Graphic Greats: Production Graphics with Wendy Peck at webreference.com | 38 | WebReference

Graphic Greats: Production Graphics with Wendy Peck at webreference.com | 38

Lynda Weinman on Lynda

   

“Learning to teach yourself is one of the most highly prized skills a computer designer can have. ”

Wendy: What is your background?

Lynda: My background is probably atypical, but I'm not sure there is a "typical" background for this type of work. I graduated from college in 1976 — two years before Jobs and Wozniak released the world's first personal computer. After graduating from Evergreen State College with a B.A.and an ambitions in museum management, I went into retail (I owned two stores by the time I was 25), and later changed careers dramatically and went into animation and special effects.

I didn't touch a computer until 1982 (at age 27), and bought one of the first Macs in 1984. I am self taught, but I love computers and I love design. Most people are shocked to hear that I'm self taught, and some critics even ding me for it. The truth is that most computer experts are self taught, because this field is so young there hasn't been formal training until recently. I always tell my students that even though I am teaching them a certain version of a software tool, a year from now it will change and they'll have to learn another. Learning to teach yourself is one of the most highly prized skills a computer designer can have.

   

 

 

Wendy: Do you think any specific background is especially good for Web design?

Lynda: Of all the possible backgrounds, I think the easiest to come from is multimedia, because it involves creating interactive content, working with 8-bit file formats, and awareness of platform differences. Nothing is exactly like Web development, but multimedia development is the closest.

   

 

“I think it's great to know a lot of things, but best to hone your strongest skills and interests. It's impossible to do it all well.”

 

Wendy: Can any one person learn all this stuff?

Lynda: I've never met anyone who knows everything, but some people know a lot more than others. I always encourage people to specialize in what they love, because its a lot easier to be good at what you like doing. I meet a lot of artists who think they *should* learn programming and programmers who think they *should* be artists. I think it's great to know a lot of things, but best to hone your strongest skills and interests. It's impossible to do it all well. If you really love learning new things, become a teacher or a writer! That's the best way to stay current on everything ;-).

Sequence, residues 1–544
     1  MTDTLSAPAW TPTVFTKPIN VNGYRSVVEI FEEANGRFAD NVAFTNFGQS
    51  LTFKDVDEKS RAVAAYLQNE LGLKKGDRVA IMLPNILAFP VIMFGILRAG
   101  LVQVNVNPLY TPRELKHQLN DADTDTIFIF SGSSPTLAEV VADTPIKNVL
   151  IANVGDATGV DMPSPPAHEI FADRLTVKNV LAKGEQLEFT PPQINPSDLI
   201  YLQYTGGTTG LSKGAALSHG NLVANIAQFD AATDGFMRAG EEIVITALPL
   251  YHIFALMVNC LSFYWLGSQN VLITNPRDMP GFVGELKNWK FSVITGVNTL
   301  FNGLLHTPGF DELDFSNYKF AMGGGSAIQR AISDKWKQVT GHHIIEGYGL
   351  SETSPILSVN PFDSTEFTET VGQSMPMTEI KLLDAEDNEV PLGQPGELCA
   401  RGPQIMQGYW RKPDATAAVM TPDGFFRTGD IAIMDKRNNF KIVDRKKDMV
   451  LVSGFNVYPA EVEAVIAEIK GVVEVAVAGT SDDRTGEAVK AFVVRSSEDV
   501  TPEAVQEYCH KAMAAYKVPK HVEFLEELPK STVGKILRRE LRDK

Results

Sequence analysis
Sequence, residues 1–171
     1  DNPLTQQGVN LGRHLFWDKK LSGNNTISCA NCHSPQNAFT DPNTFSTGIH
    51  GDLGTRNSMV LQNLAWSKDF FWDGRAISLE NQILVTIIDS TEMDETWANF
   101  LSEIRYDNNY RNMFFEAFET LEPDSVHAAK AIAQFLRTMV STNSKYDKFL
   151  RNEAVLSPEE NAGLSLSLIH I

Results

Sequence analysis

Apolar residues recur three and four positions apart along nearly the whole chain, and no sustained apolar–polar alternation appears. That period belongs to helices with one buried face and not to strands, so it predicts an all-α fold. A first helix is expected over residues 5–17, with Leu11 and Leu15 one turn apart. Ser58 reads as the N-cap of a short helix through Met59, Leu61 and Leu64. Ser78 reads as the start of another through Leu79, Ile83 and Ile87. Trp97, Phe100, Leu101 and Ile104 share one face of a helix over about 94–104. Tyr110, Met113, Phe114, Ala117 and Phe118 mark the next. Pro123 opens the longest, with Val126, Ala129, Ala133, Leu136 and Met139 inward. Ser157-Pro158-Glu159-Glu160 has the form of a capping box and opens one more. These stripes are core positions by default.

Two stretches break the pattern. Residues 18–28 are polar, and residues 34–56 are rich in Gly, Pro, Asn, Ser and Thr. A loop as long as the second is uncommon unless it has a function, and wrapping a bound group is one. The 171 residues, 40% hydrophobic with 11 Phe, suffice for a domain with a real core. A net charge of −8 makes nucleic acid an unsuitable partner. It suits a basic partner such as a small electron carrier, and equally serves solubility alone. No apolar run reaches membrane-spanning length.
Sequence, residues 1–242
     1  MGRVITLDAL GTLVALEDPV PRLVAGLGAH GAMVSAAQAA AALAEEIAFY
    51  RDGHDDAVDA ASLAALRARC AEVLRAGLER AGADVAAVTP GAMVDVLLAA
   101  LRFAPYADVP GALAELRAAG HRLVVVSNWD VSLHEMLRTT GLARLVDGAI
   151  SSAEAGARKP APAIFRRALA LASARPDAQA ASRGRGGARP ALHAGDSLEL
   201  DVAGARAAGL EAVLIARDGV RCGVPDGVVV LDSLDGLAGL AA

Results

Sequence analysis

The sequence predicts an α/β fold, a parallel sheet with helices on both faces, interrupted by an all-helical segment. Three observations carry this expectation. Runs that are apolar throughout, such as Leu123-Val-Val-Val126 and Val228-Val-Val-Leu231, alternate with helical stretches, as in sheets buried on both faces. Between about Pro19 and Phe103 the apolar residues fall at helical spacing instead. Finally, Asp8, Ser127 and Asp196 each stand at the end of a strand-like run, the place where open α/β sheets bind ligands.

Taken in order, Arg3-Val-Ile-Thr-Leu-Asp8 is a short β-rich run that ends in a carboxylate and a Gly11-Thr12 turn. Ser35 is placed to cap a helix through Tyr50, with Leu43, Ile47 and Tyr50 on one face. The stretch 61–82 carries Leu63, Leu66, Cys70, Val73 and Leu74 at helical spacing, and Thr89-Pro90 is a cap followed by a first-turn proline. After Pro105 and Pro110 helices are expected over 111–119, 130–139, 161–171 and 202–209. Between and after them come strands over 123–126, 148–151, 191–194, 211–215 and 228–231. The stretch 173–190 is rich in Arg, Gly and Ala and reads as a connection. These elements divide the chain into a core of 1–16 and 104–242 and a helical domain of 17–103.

“I hate being elevated to guru/ goddess/ omnipotent status. I'm really just a student of this stuff myself, who loves to pass on what I learn to others.”

Wendy: What is your teaching philosophy?

Lynda: I always put myself in the shoes of the person who doesn't know. Every book I write, video I produce or curriculum I develop takes this into account. I remember what it felt like not to know, and I remember the stages of my learning process. I try my best to recreate that process for my students, walking them through a subject using small information chunks that build progressively.

I have an innate respect for people, and I don't judge those who "don't know." I figure people wouldn't buy a book, video or class if they already knew the subject matter. It's not wrong to not know, it's only an opportunity to learn.

I seem to have a talent for asking and answering the right questions in my work, and that's because I pay close attention to my own learning process. I love explaining things and helping people, and the best payoff of all is to teach someone who goes off and does great work as a result. I try to humanize technology — my books and videos are personal and humorous but not to the point where its in the way of learning.

People often comment that they like it when I make mistakes in my videos and leave them in because it makes them realize that I'm human too. Hey, we're all human! I hate being elevated to guru/goddess/omnipotent status. I'm really just a student of this stuff myself, who loves to pass on what I learn to others. I'm passionate about the Web, and I really love my work. I think that shines through and people feel it when they encounter my training materials.

 

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URL: http://www.webreference.com/graphics/
Created: Mar.22, 2000
Revised: Mar.23, 2000